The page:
Via a press release from Consumers Union, the July 2007 issue of Consumer Reports will include a call for more testing and regulation of nanotechnology:
[T]he risks of nanotechnology have been largely unexplored, and government and industry monitoring has been minimal. Moreover, consumers have been left in the dark, since manufacturers are not required to disclose the presence of nanomaterials in their labeling.
Your first question may be, what the heck is nanotechnology? From the press release,
Nanotechnology involves creating new materials or reducing the particles in standard materials to sizes as small as a nanometer, or about 100,000 times smaller than the width of a human hair. At this size, the characteristics of materials change, carbon becomes 100 times stronger than steel, aluminum turns highly explosive, and gold melts at room temperature, for example. New characteristics such as these can be used to bring positive changes to consumer products. But in some cases, they may make benign materials toxic and toxic ones more hazardous.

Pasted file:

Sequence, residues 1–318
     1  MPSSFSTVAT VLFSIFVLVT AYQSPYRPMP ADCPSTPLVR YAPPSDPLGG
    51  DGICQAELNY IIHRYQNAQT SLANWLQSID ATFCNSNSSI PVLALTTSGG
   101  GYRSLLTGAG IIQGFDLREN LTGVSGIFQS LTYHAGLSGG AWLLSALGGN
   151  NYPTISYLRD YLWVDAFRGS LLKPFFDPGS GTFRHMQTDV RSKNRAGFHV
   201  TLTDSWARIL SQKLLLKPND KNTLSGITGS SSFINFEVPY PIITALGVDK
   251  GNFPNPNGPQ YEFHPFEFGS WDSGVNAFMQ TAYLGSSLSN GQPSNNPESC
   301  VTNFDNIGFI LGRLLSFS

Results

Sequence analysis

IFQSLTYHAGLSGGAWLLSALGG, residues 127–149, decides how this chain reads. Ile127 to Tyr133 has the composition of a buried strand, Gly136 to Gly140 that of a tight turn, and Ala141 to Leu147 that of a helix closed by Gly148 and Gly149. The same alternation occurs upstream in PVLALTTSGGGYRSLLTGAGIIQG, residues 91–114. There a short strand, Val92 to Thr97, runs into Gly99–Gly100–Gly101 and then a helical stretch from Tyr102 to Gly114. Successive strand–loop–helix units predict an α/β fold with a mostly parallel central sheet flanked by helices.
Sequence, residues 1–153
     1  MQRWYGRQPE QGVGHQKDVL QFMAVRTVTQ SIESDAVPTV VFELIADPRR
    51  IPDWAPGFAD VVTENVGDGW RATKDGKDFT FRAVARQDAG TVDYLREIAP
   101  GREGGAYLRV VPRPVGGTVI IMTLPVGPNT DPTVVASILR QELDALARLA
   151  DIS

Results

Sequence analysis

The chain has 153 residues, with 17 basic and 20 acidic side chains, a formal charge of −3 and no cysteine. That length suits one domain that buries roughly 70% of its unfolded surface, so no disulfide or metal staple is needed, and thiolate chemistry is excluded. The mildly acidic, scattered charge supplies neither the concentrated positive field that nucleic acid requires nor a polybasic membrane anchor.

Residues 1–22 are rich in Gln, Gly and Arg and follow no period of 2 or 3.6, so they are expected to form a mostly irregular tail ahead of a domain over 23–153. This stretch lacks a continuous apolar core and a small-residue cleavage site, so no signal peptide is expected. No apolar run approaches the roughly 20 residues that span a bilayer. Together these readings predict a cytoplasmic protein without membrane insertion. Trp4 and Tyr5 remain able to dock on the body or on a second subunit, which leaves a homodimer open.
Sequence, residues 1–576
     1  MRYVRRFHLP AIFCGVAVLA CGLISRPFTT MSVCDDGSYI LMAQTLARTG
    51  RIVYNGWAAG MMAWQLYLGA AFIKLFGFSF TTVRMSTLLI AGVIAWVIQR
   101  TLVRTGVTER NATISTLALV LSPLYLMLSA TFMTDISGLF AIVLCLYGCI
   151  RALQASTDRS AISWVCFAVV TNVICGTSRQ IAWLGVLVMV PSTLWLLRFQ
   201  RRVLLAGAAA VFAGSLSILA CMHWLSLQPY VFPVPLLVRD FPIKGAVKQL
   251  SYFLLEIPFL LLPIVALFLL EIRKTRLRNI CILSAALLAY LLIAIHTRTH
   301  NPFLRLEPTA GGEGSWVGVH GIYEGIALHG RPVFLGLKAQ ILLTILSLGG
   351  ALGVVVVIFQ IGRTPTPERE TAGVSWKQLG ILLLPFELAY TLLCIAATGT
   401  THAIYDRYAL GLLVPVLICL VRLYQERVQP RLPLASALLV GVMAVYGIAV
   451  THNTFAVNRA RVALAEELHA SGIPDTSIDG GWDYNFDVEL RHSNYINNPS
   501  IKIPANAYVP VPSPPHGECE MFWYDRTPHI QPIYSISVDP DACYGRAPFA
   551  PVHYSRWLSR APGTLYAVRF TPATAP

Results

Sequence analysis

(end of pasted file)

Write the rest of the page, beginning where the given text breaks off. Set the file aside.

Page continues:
Needless to say, the effect of size on the properties of materials is a hugely fascinating area for physical scientists and engineers. It opens up all kinds of possibilities -- for energy efficiency, drug delivery, and so forth -- that might not have been dreamed of on the basis of our understanding of macro-properties of various materials. There is a great deal for scientists to learn here.
Of course, that means there's a great deal that scientists don't yet know about nanoparticles.